The impact of airborne radio occultation observations on the simulation of Hurricane Karl (2010)

TitleThe impact of airborne radio occultation observations on the simulation of Hurricane Karl (2010)
Publication TypeJournal Article
Year of Publication2018
AuthorsChen X.M, Chen S.H, Haase JS, Murphy B.J, Wang K.N, Garrison J.L, Chen S.Y, Huang C.Y, Adhikari L., Xie F.
JournalMonthly Weather Review
Date Published2018/01
Type of ArticleArticle
ISBN Number0027-0644
Accession NumberWOS:000428699000018
Keywordscyclones; data assimilation system; Ensemble Kalman filter; full spectrum; genesis potential index; inversion; Meteorology & Atmospheric Sciences; observation operator; rapid intensification; refractive-index; satellite radiance data; track forecasts; tropical

This study evaluates, for the first time, the impact of airborne global positioning system radio occultation (ARO) observations on a hurricane forecast. A case study was conducted of Hurricane Karl during the PreDepression Investigation of Cloud-Systems in the Tropics (PREDICT) field campaign in 2010. The assimilation of ARO data was developed for the three-dimensional variational (3DVAR) analysis system of the Weather Research and Forecasting (WRF) Model version 3.2. The impact of ARO data on Karl forecasts was evaluated through data assimilation (DA) experiments of local refractivity and nonlocal excess phase (EPH), in which the latter accounts for the integrated horizontal sampling along the signal ray path. The tangent point positions (closest point of an RO ray path to Earth's surface) drift horizontally, and the drifting distance of ARO data is about 2 to 3 times that of spaceborne RO, which was taken into account in these simulations. Results indicate that in the absence of other satellite observations, the assimilation of ARO EPH resulted in a larger impact on the analysis than local refractivity did. In particular, the assimilation of ARO observations at the actual tangent point locations resulted in more accurate forecasts of the rapid intensification of the storm. Among all experiments, the best forecast was obtained by assimilating ARO data with the most accurate geometric representation, that is, the use of nonlocal EPH operators with tangent point drift, which reduced the error in the storm's predicted minimum sea level pressure (SLP) by 43% beyond that of the control experiment.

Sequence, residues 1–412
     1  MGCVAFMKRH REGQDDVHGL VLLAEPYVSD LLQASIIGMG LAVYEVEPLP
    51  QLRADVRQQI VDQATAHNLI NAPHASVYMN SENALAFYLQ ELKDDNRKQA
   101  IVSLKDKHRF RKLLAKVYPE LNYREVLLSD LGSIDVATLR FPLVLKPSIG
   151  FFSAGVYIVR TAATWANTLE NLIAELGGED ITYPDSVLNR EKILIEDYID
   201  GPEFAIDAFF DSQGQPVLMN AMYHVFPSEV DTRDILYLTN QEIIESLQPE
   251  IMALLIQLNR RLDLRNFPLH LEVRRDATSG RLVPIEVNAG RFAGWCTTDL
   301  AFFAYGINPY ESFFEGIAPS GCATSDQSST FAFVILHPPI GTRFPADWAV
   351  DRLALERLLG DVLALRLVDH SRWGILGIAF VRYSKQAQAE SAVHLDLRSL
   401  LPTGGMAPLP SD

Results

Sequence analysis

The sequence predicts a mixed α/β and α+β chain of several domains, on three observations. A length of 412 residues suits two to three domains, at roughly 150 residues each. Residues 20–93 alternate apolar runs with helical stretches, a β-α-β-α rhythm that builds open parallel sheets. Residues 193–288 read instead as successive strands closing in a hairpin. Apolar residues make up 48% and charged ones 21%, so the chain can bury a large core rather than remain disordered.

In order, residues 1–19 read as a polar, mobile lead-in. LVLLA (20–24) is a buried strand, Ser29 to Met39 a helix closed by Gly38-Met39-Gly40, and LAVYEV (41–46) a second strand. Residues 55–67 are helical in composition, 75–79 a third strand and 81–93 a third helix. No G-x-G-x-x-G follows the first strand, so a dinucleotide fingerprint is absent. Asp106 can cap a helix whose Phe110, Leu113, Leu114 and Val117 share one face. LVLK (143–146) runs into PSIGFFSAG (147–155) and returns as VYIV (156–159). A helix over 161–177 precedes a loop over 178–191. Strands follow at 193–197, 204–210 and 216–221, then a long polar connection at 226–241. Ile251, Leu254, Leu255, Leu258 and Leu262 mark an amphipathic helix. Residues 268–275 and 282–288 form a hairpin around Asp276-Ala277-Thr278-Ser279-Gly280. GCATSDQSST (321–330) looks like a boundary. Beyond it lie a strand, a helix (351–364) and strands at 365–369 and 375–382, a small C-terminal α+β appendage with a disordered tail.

Short TitleMon. Weather Rev.
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